Sean Wilentz: Could Osama bin Laden’s Demise Loosen the Grip Paranoid Politics Has on America?






Sean Wilentz is a contributing editor at The New Republic, and the author of Bob Dylan in America (Doubleday).

What a difference a day makes. On Saturday, American politics was mired in a loopy but degrading controversy over President Obama’s birth certificate, hyped in the latest campaign of divisive paranoia by Fox News, would-be Republican presidential candidate, the real-estate mogul and professional vulgarian Donald Trump, and a host of Republican hopefuls and hucksters. But, by Sunday night, the nation was hailing President Obama, who suddenly appeared to announce Osama Bin Laden’s death at the hands of U.S. forces. In his speech, Obama spoke of national unity in the light of the justice meted out to the conspirator behind the terrorist attacks of September 11, 2001. For the moment, at least, the engines of paranoia have gone silent. Will the long cycle of outrageous attacks, innuendo, and conspiracy-mongering, the politicized by-product of the war on terror, at last come to an end?...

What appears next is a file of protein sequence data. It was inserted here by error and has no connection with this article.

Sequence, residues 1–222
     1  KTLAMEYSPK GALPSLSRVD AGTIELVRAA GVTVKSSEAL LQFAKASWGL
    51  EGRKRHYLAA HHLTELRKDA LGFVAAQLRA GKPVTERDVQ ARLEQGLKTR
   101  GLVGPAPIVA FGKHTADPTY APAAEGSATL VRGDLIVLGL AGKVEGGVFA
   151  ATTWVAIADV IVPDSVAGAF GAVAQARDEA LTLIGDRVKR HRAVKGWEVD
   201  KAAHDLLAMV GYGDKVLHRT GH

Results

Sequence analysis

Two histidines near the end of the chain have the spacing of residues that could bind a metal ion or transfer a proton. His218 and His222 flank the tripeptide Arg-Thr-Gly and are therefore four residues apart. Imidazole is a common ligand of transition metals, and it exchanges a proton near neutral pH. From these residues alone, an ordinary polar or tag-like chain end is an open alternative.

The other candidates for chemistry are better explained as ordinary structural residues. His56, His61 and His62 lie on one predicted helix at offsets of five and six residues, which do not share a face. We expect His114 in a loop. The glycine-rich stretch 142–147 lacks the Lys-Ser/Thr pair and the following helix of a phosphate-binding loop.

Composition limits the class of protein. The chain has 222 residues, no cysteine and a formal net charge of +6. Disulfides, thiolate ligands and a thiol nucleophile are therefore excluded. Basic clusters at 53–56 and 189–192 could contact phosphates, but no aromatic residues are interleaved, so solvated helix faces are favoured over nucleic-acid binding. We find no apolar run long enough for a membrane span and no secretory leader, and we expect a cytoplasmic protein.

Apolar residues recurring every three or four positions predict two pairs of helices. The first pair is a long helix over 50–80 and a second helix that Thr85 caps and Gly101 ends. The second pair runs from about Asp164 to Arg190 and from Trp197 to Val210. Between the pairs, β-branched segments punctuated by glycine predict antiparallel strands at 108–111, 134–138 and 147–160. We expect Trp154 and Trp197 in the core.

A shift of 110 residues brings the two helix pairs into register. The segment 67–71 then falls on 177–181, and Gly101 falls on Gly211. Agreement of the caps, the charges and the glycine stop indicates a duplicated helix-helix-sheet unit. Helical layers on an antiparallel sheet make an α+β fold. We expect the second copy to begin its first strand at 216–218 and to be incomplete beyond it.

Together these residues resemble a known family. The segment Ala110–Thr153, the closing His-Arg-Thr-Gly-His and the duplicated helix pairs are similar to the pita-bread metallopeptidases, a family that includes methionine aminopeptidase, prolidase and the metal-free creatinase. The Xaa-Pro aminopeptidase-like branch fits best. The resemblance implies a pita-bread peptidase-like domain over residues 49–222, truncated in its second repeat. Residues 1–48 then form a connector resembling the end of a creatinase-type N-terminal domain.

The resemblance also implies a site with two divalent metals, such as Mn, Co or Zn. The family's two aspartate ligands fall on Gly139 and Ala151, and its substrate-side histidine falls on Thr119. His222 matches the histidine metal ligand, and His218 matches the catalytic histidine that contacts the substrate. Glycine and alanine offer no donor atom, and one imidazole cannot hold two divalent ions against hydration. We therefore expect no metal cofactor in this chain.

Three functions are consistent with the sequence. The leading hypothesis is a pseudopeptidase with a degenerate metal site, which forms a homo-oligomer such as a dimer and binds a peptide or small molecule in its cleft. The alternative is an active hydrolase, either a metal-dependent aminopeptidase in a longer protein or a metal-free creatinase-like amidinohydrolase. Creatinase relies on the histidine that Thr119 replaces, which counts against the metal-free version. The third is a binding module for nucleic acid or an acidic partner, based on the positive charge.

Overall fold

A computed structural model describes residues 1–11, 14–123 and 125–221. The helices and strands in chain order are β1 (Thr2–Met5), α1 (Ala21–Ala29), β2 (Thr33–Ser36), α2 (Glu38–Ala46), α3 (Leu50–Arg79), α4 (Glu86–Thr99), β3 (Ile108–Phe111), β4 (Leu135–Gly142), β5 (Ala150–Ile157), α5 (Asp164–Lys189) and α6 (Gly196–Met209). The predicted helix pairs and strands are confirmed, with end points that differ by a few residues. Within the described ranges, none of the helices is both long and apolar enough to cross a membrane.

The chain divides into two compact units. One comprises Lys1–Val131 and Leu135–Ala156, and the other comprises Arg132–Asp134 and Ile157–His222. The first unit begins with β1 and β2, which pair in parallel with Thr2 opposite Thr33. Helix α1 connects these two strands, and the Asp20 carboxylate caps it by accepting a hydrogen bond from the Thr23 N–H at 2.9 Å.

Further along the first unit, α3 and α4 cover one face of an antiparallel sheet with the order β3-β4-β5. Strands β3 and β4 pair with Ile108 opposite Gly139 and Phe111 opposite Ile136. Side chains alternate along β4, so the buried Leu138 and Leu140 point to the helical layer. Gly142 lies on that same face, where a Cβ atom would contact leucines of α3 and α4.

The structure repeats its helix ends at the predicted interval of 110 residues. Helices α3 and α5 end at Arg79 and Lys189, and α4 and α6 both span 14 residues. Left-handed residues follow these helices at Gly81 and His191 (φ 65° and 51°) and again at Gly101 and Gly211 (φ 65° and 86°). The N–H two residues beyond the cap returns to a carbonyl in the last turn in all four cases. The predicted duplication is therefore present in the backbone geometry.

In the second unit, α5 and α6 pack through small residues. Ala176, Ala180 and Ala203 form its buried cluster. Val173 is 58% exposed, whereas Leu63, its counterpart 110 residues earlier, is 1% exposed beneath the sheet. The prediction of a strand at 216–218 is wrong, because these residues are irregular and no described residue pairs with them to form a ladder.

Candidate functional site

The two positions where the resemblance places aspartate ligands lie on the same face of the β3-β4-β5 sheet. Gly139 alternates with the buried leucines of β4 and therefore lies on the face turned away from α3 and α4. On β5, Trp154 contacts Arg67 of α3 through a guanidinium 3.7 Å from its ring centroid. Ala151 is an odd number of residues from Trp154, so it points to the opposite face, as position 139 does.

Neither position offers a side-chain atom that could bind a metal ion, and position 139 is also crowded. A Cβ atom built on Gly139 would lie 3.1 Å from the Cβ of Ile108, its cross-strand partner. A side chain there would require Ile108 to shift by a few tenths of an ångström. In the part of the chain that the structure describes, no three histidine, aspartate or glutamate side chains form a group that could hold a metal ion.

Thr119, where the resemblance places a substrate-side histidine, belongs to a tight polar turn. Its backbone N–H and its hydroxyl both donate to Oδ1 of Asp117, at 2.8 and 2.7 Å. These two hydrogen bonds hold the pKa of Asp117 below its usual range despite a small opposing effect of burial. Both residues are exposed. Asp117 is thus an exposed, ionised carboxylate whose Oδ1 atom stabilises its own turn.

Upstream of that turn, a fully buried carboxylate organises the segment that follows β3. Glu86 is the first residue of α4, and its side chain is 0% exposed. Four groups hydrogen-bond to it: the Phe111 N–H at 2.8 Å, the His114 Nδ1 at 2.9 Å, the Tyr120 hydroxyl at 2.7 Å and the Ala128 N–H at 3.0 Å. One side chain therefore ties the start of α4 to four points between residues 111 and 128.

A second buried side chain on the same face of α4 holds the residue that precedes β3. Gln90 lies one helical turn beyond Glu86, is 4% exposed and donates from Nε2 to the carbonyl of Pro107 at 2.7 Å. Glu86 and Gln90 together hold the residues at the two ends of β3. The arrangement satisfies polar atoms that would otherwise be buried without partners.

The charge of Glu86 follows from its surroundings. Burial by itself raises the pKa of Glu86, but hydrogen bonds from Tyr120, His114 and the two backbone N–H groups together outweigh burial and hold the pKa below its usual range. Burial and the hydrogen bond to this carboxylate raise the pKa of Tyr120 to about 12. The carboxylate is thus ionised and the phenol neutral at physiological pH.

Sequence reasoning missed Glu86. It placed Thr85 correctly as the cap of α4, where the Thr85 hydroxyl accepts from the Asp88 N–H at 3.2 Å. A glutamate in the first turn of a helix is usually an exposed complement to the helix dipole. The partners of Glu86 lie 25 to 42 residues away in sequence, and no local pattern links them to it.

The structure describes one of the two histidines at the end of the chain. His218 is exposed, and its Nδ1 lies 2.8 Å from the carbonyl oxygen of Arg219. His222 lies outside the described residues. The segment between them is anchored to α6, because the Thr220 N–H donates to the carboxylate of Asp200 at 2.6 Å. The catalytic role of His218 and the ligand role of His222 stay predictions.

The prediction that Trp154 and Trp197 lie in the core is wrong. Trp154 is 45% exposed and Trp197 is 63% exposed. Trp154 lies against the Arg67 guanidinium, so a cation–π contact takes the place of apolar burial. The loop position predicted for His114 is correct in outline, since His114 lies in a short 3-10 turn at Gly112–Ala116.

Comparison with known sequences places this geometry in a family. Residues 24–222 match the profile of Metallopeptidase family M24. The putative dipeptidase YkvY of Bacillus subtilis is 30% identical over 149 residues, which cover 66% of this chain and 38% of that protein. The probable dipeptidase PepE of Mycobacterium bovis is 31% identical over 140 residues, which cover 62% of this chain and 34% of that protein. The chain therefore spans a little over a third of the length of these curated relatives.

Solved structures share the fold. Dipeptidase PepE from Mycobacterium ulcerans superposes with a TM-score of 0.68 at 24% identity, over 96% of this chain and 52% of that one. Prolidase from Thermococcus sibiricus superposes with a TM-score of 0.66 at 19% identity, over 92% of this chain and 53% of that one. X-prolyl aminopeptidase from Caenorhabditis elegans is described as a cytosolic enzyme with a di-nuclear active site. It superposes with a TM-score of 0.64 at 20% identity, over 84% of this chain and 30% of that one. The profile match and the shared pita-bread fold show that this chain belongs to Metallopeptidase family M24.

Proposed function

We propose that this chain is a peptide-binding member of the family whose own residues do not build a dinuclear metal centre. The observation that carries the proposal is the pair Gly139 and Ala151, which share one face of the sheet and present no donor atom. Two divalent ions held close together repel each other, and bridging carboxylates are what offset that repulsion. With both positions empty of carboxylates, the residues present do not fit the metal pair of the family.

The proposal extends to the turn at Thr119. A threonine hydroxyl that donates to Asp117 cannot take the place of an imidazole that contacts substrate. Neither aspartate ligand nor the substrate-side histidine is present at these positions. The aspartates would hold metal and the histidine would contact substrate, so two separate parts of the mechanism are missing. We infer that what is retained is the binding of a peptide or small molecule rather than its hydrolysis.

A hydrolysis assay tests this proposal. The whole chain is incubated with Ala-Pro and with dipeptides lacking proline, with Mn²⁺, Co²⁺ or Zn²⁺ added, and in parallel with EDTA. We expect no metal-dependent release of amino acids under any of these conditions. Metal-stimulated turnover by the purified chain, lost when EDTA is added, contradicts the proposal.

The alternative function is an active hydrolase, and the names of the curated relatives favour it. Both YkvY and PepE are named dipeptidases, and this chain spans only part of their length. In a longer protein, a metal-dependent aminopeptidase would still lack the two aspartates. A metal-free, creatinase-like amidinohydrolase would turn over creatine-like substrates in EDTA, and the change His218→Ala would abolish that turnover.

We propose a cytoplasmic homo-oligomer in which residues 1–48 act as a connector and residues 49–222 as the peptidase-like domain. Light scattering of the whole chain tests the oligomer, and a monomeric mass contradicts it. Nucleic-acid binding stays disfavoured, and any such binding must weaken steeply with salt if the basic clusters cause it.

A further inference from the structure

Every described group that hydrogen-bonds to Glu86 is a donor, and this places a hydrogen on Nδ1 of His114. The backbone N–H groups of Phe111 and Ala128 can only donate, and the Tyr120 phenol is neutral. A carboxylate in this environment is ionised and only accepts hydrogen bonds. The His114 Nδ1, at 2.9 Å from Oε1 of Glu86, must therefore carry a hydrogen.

There is some truth, alas, to claims that the lurid attacks on Obama have had something to do with his skin color. But the cycle of paranoia preceded his appearance on the national stage, and was deployed as a highly-effective political strategy that capitalized on the all-too-real challenges of Al Qaeda and the war on terrorism. Now, suddenly, reality has intruded—this time with gratifying and not horrifying news. President Obama and his administration have achieved bin Laden’s demise. The menace of course persists, but a circle has been closed, and a spirit of relief prevails. But will bin Laden’s death end the cycle of malicious fantasy and political paranoia that has held the country in its grip? If so, the raid on his compound will have been propitious in ways above and beyond countering the genuine external threats to our national security.



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